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Suwanee formally submits for historic status

SUWANEE -- Nearly a year after the city of Suwanee made a lease-to-purchase transaction for Pierce's Corner, city officials have formally submitted an application for a national historic register.

The latest update is the beginning of what could be a two-year process.

"We're at the very, very, very preliminary stages," said Denise Brinson, the city's economic development director.

The formal application was submitted late last month, and included a section along Main Street and Stonecypher Road, but also includes Scales Street, Scales Road and Russell Street. The area is about 60 acres and includes 35 historic or contributing resources. State Department of Natural Resource officials should give city officials an update within the next two months, Brinson said.

State officials gave the city a preliminary thumbs up earlier this summer, but it added Suwanee First United Methodist Church, which was built in 1910.

Brinson said at the federal level, districts are drawn to include continuous historic buildings. In Suwanee's case, the building that houses Jerry N. Little Jr.'s CPA office, 677 Main St., was thought to have too many modern improvements by consultant Ken Kocher, who Suwanee hired to assist in this process.

A group of homeowners, called "Main Street Neighbors" north of Stonecypher, have voiced their opposition through yard signs and a petition that's been signed by eight people. Property owner Linda Fleming voiced the group's opposition during the September and October City Council meetings.

The petition read: "We, the property owners below, respectfully request you not include our property in boundary lines drawn and submitted to DNR as part of a National Register District within the City of Suwanee, Georgia USA. It is not the intent of MSN, at this juncture in the process, to preclude a NRD within other areas of said City."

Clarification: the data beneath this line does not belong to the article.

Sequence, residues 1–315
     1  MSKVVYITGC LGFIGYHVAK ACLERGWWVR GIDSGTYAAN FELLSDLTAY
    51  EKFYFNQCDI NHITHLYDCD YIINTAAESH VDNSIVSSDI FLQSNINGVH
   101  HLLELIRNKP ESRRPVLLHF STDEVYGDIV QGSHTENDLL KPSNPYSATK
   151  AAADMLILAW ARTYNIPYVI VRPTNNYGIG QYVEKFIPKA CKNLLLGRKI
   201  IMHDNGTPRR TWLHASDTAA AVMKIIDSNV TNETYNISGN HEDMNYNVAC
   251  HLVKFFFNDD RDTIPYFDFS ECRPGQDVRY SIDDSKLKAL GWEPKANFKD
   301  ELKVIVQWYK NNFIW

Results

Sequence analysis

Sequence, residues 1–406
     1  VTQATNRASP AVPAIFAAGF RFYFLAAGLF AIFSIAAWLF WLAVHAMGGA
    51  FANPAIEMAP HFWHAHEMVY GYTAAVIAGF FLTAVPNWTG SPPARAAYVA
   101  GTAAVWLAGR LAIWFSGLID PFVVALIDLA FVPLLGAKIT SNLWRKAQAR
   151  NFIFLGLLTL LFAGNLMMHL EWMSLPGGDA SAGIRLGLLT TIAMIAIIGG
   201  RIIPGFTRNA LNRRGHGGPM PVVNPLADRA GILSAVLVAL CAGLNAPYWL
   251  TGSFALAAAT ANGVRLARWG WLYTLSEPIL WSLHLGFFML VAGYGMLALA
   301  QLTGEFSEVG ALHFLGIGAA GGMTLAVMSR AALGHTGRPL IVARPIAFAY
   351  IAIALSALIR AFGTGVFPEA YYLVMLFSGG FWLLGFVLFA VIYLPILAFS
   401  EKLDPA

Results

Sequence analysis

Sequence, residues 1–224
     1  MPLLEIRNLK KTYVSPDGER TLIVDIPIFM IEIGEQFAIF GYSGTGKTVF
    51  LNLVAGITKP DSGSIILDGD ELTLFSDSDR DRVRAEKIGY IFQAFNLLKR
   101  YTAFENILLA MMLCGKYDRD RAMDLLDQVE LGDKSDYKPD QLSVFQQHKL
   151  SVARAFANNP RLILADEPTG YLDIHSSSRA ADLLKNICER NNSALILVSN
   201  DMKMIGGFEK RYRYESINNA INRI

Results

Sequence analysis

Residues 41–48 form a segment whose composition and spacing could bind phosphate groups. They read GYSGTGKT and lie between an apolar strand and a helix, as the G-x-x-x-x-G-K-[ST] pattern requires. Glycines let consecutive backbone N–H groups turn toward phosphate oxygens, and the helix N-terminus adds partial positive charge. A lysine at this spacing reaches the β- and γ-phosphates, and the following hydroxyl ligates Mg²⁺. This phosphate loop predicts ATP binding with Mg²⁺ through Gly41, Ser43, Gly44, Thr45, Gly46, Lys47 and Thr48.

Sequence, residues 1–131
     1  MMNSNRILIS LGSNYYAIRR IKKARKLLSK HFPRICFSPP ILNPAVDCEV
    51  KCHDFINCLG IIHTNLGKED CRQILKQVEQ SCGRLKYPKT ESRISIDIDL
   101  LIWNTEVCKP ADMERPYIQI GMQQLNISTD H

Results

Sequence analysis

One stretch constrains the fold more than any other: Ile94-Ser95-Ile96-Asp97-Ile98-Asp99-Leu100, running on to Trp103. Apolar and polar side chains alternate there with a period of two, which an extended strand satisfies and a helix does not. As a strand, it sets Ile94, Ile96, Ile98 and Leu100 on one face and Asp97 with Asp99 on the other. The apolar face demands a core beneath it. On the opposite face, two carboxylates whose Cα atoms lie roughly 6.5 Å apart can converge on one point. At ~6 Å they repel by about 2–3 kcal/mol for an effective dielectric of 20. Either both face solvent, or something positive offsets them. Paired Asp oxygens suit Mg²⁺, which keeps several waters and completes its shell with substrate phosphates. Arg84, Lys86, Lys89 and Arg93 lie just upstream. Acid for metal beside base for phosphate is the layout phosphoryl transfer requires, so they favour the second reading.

State officials have said more than 50 percent of property owners -- or about 25 -- would need to voice disapproval to stop the national historic register district.

Brinson said the information submitted at the Council meetings would not be reviewed by the state, but state officials would solicit comments from property owners.

Fleming has previously said the city should not be involved if property owners want to be on the National Historic Register, and there are no major advantages to an individual property owner to live in a National Historic Register other than to say they live there.

A turning point in the historic register situation came in December when the DDA and the Deming Group, LLC, agreed to a 50-year lease-to-purchase transaction for $258,640 finance at a 3.5 percent interest rate.

Tax credits gained from being in a National Historic Register for Pierce's Corner have an estimated value of $300,000, city officials have said.

Michael Deming Jr. has said his plans for a renovated Pierce's Corner include a first floor casual dining restaurant, and a second-floor office for a business that would help start-up businesses. Brinson has said Deming's business model depends on the tax credits, but a positive report from the state in the next two months could begin financing processes.